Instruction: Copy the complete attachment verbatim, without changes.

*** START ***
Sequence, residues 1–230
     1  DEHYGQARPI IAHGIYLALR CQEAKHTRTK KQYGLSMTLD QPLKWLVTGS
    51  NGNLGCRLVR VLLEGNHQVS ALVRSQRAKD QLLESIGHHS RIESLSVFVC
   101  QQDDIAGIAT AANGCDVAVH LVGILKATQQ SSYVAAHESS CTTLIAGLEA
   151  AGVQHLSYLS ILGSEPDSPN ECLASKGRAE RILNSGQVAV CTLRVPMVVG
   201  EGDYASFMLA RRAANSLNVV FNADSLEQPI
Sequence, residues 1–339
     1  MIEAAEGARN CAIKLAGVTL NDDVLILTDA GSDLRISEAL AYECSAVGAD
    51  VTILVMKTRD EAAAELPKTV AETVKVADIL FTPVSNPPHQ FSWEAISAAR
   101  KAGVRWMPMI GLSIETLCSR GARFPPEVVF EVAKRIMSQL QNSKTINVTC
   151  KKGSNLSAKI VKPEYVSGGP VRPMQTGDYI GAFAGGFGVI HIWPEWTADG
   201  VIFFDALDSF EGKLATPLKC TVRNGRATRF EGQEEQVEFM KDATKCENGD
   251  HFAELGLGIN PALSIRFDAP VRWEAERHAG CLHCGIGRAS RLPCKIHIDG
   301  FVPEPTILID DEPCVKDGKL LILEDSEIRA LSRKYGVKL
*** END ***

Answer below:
Sequence, residues 1–230
     1  DEHYGQARPI IAHGIYLALR CQEAKHTRTK KQYGLSMTLD QPLKWLVTGS
    51  NGNLGCRLVR VLLEGNHQVS ALVRSQRAKD QLLESIGHHS RIESLSVFVC
   101  QQDDIAGIAT AANGCDVAVH LVGILKATQQ SSYVAAHESS CTTLIAGLEA
   151  AGVQHLSYLS ILGSEPDSPN ECLASKGRAE RILNSGQVAV CTLRVPMVVG
   201  EGDYASFMLA RRAANSLNVV FNADSLEQPI
Sequence, residues 1–339
     1  MIEAAEGARN CAIKLAGVTL NDDVLILTDA GSDLRISEAL AYECSAVGAD
    51  VTILVMKTRD EAAAELPKTV AETVKVADIL FTPVSNPPHQ FSWEAISAAR
   101  KAGVRWMPMI GLSIETLCSR GARFPPEVVF EVAKRIMSQL QNSKTINVTC
   151  KKGSNLSAKI VKPEYVSGGP VRPMQTGDYI GAFAGGFGVI HIWPEWTADG
   201  VIFFDALDSF EGKLATPLKC TVRNGRATRF EGQEEQVEFM KDATKCENGD
   251  HFAELGLGIN PALSIRFDAP VRWEAERHAG CLHCGIGRAS RLPCKIHIDG
   301  FVPEPTILID DEPCVKDGKL LILEDSEIRA LSRKYGVKL